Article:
By – Dr. Nicolas Hamelin cpm | Associate Prof. of Marketing, Neuroscience lab Director at SP Jain School of Global Management, M.Sc (France & UK), D.Phil (Sussex Uni), PhD (East London Uni)
Quality human resources and education are two of the most significant challenges faced by smart cities. At the heart of smart cities are better-educated individuals and highly-skilled workers. With a cohort of innovative and creatively inclined leaders and creative managers, a smart city witnesses exponential growth.
Urban transformations command a high level of organisation and require a high percentage of skilled individuals to manage complex economic, social and technological structures. Thus, Smart education is the need of the hour to train future leaders, decision-makers, managers and technical personnel who will form the building blocks of any smart city.
One of the most employed psychometric tests for human resources is the Caliper Profile test. It is known to measure the personality traits, and also an individual’s motivations quite accurately, which then in turn helps the employers in predicting one’s potential and also on-the-job behaviour. Another prominent test is the Myer-Briggs Type Indicator (MBTI), with 89 Fortune 100 companies using the MBTI to screen prospective employees. However, the trustworthiness of these tests is questionable. For example, the Multi-factor Leadership Questionnaire, which measures transformational leadership, transactional leadership, passive/avoidant behaviours, and leadership outcomes, is readily available online with companies offering training. JobTestPrep provides information about the test to help prepare a candidate for the exam. However, It has been found that predictions of future job performances by an individual cannot be simply relied upon Personality Tests.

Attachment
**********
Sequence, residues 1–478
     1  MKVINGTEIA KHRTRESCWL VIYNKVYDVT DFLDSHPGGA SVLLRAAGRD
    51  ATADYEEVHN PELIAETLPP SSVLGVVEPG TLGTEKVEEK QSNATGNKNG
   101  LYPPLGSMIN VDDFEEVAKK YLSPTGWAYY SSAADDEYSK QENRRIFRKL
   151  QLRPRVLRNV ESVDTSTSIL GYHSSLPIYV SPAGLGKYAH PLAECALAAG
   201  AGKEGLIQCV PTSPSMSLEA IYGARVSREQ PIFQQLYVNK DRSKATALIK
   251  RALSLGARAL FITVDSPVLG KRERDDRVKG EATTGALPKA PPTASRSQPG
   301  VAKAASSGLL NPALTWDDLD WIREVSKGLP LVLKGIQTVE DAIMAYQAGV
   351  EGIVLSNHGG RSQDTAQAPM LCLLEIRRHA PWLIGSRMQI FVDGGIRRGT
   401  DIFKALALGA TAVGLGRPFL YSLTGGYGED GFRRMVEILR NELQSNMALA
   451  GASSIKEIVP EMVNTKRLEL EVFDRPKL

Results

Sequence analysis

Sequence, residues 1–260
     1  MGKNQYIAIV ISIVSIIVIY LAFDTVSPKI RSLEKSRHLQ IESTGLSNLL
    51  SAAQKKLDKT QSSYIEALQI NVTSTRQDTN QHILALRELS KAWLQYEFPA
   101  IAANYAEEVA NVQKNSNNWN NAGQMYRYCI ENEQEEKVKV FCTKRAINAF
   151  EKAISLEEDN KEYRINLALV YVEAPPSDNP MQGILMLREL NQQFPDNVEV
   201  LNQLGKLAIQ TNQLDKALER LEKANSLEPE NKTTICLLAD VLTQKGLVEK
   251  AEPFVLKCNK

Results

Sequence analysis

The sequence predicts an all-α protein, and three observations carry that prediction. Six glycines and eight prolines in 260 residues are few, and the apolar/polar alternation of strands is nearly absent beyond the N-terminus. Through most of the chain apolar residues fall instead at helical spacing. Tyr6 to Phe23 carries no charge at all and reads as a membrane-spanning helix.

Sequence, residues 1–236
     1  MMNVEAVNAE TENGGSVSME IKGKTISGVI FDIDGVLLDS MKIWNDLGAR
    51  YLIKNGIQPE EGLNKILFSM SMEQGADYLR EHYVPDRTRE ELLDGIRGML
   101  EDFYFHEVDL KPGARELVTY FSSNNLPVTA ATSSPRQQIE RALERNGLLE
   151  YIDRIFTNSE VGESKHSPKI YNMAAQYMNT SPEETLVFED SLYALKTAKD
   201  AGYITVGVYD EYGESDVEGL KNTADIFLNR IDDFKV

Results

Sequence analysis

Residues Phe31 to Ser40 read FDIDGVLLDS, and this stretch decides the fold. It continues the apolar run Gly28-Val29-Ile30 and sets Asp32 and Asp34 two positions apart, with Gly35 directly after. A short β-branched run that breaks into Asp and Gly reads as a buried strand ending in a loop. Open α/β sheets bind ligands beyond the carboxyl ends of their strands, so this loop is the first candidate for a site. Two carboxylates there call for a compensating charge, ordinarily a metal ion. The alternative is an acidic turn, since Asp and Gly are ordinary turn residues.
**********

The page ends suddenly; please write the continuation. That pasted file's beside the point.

On the other hand, EEG tests provide an unbiased measure of neural activities and a robust assessment of a person’s emotional and cognitive ability since EEG signals are highly representative of cognitive and emotional processing. One of the experiments conducted in my Neuroscience lab on our Sydney campus was to use our biometric platform and an EEG helmet to measure coherence scores (C.O.), frontal asymmetry (F.A.) indices as well as Cognitive Load (TAR). Coherence and Frontal Asymmetry are standard metrics in social cognitive neuroscience. Coherence is a measure of the level of interconnectedness in different areas of the brain. It is said that humans have a better understanding of their own and others emotions and hence a great emotional balance if they have a High Coherence in the right hemisphere of the brain. It also reflects a greater cognitive understanding of the bigger picture.